Sports Handicapping

Ever watch Mad Money with Jim Cramer? It’s a show on CNBC that provides common people insight into how to invest in the stock market. In the financial industry, providing investing advice or managing other people’s money is a billion-dollar business. That type of advice also lives in the sports betting realm with the advisors known as “professional handicappers” and “touts”, but unfortunately, the service is not as reliable or trustworthy.

 Back to How to Bet on Sports

Professional Handicapper…Or Tout?
As you can gather, the terms “professional handicapper” and “tout” paint two very different pictures. The former suggests an educated, well-researched individual is studying sports and providing insight. The latter suggests a used car salesmen who is trying to swindle you. While financial advisors are – for the most part – trustworthy, unfortunately, the same can’t be said for professional handicappers.

All too often, these professional handicappers have been exposed as frauds. Back in the day before the internet, there were handicappers that would give out picks via a hotline and they’d give half of their customers one side of a game and the other half of their customers the other side of game. With the advent of the internet, a lot has changed but handicappers have used different tricks to attract customers.

Remember that for them, the business may not be betting the games. You’re buying their betting picks so they’re going to make money regardless of whether you win or lose. That means their business is partially sales. Ideally, a winning track record would be all of the sales that they would need but unfortunately, that’s not how this industry works.

Stats Can Be Framed
With the internet making it easier to track handicapper picks, it’s become a bit more challenging those “experts” to fudge the numbers. However, the most common way this is done nowadays is to frame their stats – or track record – to paint the rosiest picture possible. Let’s say it’s January and there are multiple sports going. If a handicapper is on a 10-game winning streak in all sports, that’ll be part of the sales pitch. However, let’s say he’s lost four straight in hockey but has won five in a row in college basketball. You’re less likely to hear about the cold streak in hockey but you’ll be sure to see the college basketball hot streak in the sales pitch.

Or let’s say his “regular picks” are struggling but he puts out a Pick Of The Month – or whatever other unique label he wants to give it (5-Star picks, Game Of The Week, Run Line Specials) – he’ll be sure to tell you that he’s hit nine of his last 10 Pick Of The Month games while hiding the overall record. And sites will usually have hordes of cappers available to you, so they’ll always have someone who is hot at any given moment.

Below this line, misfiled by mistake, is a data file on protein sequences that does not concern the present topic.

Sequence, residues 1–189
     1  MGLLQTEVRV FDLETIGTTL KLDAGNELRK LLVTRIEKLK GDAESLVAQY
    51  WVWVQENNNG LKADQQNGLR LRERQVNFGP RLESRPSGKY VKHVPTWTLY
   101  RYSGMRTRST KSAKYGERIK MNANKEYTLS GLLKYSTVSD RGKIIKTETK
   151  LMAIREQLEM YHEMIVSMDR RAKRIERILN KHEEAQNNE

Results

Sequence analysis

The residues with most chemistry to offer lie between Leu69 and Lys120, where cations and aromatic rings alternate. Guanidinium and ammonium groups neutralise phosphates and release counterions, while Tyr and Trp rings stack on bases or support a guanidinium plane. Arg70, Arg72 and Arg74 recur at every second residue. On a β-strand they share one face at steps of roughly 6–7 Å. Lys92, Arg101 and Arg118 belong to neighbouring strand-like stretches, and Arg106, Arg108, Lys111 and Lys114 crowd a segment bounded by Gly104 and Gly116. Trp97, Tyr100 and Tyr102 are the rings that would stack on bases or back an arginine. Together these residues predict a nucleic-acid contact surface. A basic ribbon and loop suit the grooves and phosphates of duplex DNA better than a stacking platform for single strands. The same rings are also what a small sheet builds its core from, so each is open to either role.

The bottom line here is that stats can be framed to paint the picture that they’re always hot in some realm. That entices people to buy. Make sure you see the whole picture before investing.

The Costs
One thing that’s often forgotten with handicappers and touts is the costs involved. Let’s face it: it’s not cheap. When you’re betting on sports, a profitable year in football might be hitting 55% of your picks and a very good year for a sharp might be 58% or 59%. So let’s say in a perfect world, you buy a year-long NFL package and follow every pick to the tee. A full season package could cost you in the neighborhood of $800-$1000, so if you’re a $100 player, that could swing you from a profitable season to a losing season. Even if you’re a $500 player, that’s a significant amount of profit you’re losing. And remember, we’re assuming that these guys win. If they have a losing season and you bought their picks, then you’re really down in the dumps.

Getting The Right Price
So let’s say you’ve done your research, you’ve checked references and monitored track records. You’ve finally found a smart handicapper that is legitimately successful. Here’s the problem: they’ll always get a better number than you. Any pro who is actually that good at betting on sports is going to get a better number than you when you lay your bets, which means that you’re going to be at a disadvantage.

Let’s say you pay for a pick and the shrewd handicapper told you to bet the New York Yankees at -135. Well, if he bets the game and he’s genuinely a sharp bettor, that line will move. By the time you get to it, it could be -140, -150 or higher. That loss in value might not seem like much but when you’re talking about doing this over a long period of time, it is in fact significant. If you don’t get the same odds, you’re going to lose more and win less over time. That’s a problem.